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We know a sure way to start a fight this March 17: remind the crowd St. Patrick wasn't a wee bit Irish. He was in fact Roman — and in terms of modern lineage, perhaps more Italian than anything else. Still his holiday shines enough in those smilin' Irish eyes to overshadow St. Joseph's Day on March 19. And that fete is a huge deal for Italians. But as Irish Bible scholars might rightly point out, St. Joseph wasn't the least bit Italian. So there.
But why debate the finer points of history when you can enjoy the finest points of revelry? When it comes to counting up the numbers that make St. Pat's great, you can count on us. Here's our look at the digits behind the green beer, fab parades, and "Kiss Me I'm Irish" buttons — even if Patrick himself could rightfully wear one.
Excepting Back to School (a holiday for parents only), St. Patrick's Day ranks number 8 in terms of the total dollars celebrants spend (and is close on the heels of Halloween). The National Retail Federation shows that St. Patrick's Day also surpassed by Father's Day, the Super Bowl, Easter, and Valentine's Day. (Mother's Day spending, by the way, tops Father's Day by almost 2-to-1.) There aren't any major holidays that come after St. Pat's in the NRF rankings, so you could say it's bringing up the rear. Then again, maybe some ambitious partygoers could ramp up their brew consumption to move the holiday up in the rankings.
This NRF stat comes from a 2014-2015 graph, so it remains to be seen how much spending will rise this year. It tops the $4.7 billion the NRF projected for the 2013 holiday — and to put it in perspective, $4.8 billion equals more than $1,000 for every man, woman, and child in Ireland.
The United States Census Bureau released this figure in January, based on 2013 numbers. If you add it up, that's more than seven times the population of Ireland itself, which is now almost 4.8 million. The bureau adds that Irish is the nation's second-most frequently reported European ancestry, trailing German. Oh yeah? Let's see how that shakes out when countless Germans don green hats on March 17.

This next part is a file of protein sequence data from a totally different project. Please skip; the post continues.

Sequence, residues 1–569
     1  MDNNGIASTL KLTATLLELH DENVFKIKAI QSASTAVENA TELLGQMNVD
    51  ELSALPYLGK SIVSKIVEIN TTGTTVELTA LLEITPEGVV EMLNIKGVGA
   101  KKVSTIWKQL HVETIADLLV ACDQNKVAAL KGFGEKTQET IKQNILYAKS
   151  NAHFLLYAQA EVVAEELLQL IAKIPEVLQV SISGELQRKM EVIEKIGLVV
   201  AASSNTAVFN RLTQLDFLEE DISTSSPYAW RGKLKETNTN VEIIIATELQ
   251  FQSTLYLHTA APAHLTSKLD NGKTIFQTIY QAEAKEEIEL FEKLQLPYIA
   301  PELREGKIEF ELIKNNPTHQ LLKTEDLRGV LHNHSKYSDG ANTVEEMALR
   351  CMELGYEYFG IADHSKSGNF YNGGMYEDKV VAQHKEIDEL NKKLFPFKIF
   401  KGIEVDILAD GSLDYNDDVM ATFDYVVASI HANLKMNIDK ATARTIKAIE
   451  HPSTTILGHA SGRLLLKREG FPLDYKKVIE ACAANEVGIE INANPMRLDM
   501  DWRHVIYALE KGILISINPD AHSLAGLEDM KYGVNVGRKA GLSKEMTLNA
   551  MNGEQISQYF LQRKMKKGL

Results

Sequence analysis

That's not close to the record number in 2002, when 3 million spectators lined Fifth Avenue just months after the 9/11 attacks. But it's still a robust turnout, even though the parade has been controversial of late. Last year, Mayor Bill de Blasio didn't march amid a dispute over whether participants could carry pro-gay signs. The issue was so sensitive that Guinness beer pulled its parade sponsorship at the last minute.
From what we could count, there are at least two dozen recipes for authentic Irish food on this app, which comes recommended from no less a source than Irish Central. But there is a bit of naming discrepancy: On iTunes, it's known as St. Patrick's Day Treats, and at Google Play it's St. Patrick's Recipes.
Which one is right? Maybe both: Just don't go to Dublin and say "St. Patty's," as they'll correct you and say "St. Paddy's." ToMAto, toMAHto, blah blah blah.
Last year, DealNews estimated that beer consumption on St. Patrick's Day would top $255 million. Since then, growth in the beer industry has jumped from 2.1% to 3.1%, according to 2015 forecasts from IbisWorld. So we might see beer spending, given industry expansion and the trend away from more expensive liquors, soar to $262 million. More reliable numbers are very difficult to find, pointing to a possible correlation between statisticians and their March 17 beer quaffing.
Contrary to what some barstool historian might tell you, bicarbonate of soda was not introduced in Ireland until the 1840s — with the first versions of soda bread originating around that time. And it's more reliable than a legend to note that before baking, cooks cut a cross on the top with a knife to ward off the devil and protect the household.
Mill Ends Park in Portland, Oregon, was once a pile of weeds — the intended site of a light pole that never arrived — until Oregon Journal columnist Dick Fagan "dedicated" the park on St. Patrick's Day, 1948. He wrote about catching a wee fella named Patrick O'Toole there, and when Fagan wished for a park of his very own, the cheeky leprechaun gave him the weed-covered hole. Fagan built of the legend by dubbing it "the world's largest leprechaun colony West of Ireland," and no less an Irish source than the Guinness Book of World Records named it the World's Smallest Park in 1971. Begorrah!
And so with St. Patrick's Day upon us, the time has come to make the party poopers truly green with envy. We suggest celebrating in safe and sober fashion, no matter how tempting the allure of beer colored like a four-leaf clover might be. Pile on the corned beef, line up for a parade, and practice your best brogue while no one's watching.